The values of percent reaction progress are shown in logarithmic units here. The entire percent reaction progress scale would increase by a factor of 10 for each unit decrease in the logarithm of activity of the starting protein (note that we started with log activity of zero for the reactant APC2). Here you can see the places where momentarily drops as a reaction boundary is crossed.
The reaction boundaries above all have negative slopes because we used to stand for the carbon-containing basis species. It is so highly oxidized (nominal oxidation state of carbon equal to +4) that any increase in in a system that maintains its metastable population of biomacromolecules must be offset by a decrease in . (To understand why, consider for example the idealized reaction 2H2 + CO2 = C + 2H2O where C stands for carbon in organic molecules like proteins). Let us try substituting a neutral (in terms of oxidation state) species for . One candidate is acetic acid: one can see by its formula that the nominal oxidation state of carbon in this species is zero.
The relevant commands are printed below. We also throw another twist in the equation by changing the formation mode with the fmode=many argument. This tells the function to form many proteins in amounts, consistent with equilibrium among the products, that are calculated using the diagram function in CHNOSZ (Dick, 2008 ). This simulation can also be performed in CHNOSZ using apc('many',basis='acetic').
basis(c("acetic acid","H2O","NH3","H2","H2S"),c(-5.5,0,-4,-10,-7)) basis("H2","aq") species(c("APC1","APC2","APC5","CDC16","APC10","SWM1"),"YEAST") a <- affinity(C2H4O2=c(-10,-2),H2=c(-10,-4)) diagram(a,residue=TRUE,as.residue=TRUE) species(1:nrow(species()),-999) species("APC2_YEAST",0) t <- transfer(250,ibalance="PBB",plot=c(1,4),dmode="none", devmax=0.15,fmode="many")
The movie is here . The reaction path diagram is shown below.
The logarithms of activities of basis species and the amounts of proteins formed are shown in the figure below.
Do the relative abundances of proteins predicted using a metastable equilibrium reaction path model have any relationship to the relative abundances of proteins in cells? The table below lists the abundances of the proteins (in relative units) found by Ghaemmaghami et al., 2003  (the YeastGFP protein expression study). The two most abundant proteins in the table show up as the two most abundant proteins in the figure above at log percent reaction progress between ca. -9 and -8.5. So, the data give some sign of an energy minimizing process, but equilibrium is far from being attained: Our reactant protein always shows up with a lower relative abundance in the model that what is observed in the cell.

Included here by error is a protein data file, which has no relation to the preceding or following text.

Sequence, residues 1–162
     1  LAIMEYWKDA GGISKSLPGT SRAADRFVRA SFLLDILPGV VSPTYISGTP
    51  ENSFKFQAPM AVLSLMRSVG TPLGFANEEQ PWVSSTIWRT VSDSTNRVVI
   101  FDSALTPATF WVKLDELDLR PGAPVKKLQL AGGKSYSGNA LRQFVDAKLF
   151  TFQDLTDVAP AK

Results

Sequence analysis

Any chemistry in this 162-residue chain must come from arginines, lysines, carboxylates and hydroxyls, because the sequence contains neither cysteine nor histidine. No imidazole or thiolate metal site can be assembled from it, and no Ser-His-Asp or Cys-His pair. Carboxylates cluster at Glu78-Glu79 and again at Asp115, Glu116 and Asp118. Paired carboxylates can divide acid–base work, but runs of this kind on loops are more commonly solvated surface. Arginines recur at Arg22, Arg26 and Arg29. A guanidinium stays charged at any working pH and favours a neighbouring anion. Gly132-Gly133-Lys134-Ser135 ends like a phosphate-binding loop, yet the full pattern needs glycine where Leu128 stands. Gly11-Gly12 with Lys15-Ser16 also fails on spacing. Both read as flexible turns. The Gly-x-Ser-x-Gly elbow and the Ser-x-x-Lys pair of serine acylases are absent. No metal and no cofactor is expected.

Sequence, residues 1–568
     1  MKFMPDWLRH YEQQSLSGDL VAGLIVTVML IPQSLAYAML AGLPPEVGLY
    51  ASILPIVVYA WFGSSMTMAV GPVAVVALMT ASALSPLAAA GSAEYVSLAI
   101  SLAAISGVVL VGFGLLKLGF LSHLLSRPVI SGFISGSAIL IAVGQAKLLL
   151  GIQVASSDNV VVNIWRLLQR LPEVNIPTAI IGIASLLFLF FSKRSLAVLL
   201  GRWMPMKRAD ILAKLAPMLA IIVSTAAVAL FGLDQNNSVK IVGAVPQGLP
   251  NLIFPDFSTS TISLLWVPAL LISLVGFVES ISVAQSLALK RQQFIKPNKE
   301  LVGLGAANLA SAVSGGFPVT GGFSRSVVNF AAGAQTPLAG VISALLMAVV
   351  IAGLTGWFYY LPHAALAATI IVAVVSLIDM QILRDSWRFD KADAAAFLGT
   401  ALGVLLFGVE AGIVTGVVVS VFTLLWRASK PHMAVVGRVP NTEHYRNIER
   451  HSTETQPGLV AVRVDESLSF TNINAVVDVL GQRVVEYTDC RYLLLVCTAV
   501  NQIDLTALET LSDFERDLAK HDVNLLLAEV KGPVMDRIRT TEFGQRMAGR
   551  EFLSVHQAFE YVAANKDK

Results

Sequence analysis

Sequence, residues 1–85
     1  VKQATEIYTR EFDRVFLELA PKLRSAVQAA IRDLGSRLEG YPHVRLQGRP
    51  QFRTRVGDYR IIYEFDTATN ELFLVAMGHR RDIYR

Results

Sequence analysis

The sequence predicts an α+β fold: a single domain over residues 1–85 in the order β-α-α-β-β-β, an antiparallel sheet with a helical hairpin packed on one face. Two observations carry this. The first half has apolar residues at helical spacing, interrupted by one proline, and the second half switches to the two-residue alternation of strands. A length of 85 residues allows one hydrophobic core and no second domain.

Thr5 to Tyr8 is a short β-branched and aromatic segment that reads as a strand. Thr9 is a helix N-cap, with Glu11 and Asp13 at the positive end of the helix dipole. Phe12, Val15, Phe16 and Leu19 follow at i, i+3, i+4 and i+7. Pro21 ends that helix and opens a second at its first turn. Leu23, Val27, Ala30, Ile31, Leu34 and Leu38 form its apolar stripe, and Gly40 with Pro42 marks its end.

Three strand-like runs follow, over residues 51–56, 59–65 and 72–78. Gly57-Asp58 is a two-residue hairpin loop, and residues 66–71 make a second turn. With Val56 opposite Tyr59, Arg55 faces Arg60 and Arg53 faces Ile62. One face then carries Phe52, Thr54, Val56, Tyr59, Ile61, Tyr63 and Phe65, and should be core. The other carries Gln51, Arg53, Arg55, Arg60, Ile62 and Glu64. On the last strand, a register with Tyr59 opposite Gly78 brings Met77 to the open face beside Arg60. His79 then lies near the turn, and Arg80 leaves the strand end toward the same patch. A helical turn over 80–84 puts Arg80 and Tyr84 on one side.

The mineral reaction paths shown above are obviously meaningful to geochemistry students and researchers; such things have been published and commented on many times in the literature. But do the protein reaction paths mean anything? Perhaps the anaphase-promoting complex is not the greatest example since it is hard to imagine why the cell would form each of the proteins in the complex under differing conditions when they are all needed together for the complex to assemble. But maybe the proteins are formed at different times and kept around for the final assembly of the complex; that situation might permit more control by the cell and allow it to respond to unexpected environmental changes.
Another reservation I have about this model is that I have chosen to titrate in a particular protein, because (by analogy with K-feldspar) it shows up on the high-activity corner of a predominance diagram. Perhaps there is a particular stoichiometry, that of a proto-protein, that never actually forms but is the source of many different proteins in the cell by virtue of modulation of redox state, carbon, nitrogen and sulfur availability, and pH, hydration state and ionic strength, in the vicinity of protein synthesis pathways.
A good place to go with this might be to consider proteins that form in a well-understood sequence in the cell, including cell-division control proteins other than the anaphase-promoting complex. The relationship between subcellular chemistry and the sequential formation of organelles (Dick, 2009)  is another potential target.
There are many software tools that can be used to simulate reaction paths. Just a few are listed below. There is no reason (in theory) that any of these could not also be used to study protein reaction paths.
Updated 2009-04-22 by Jeffrey M. Dick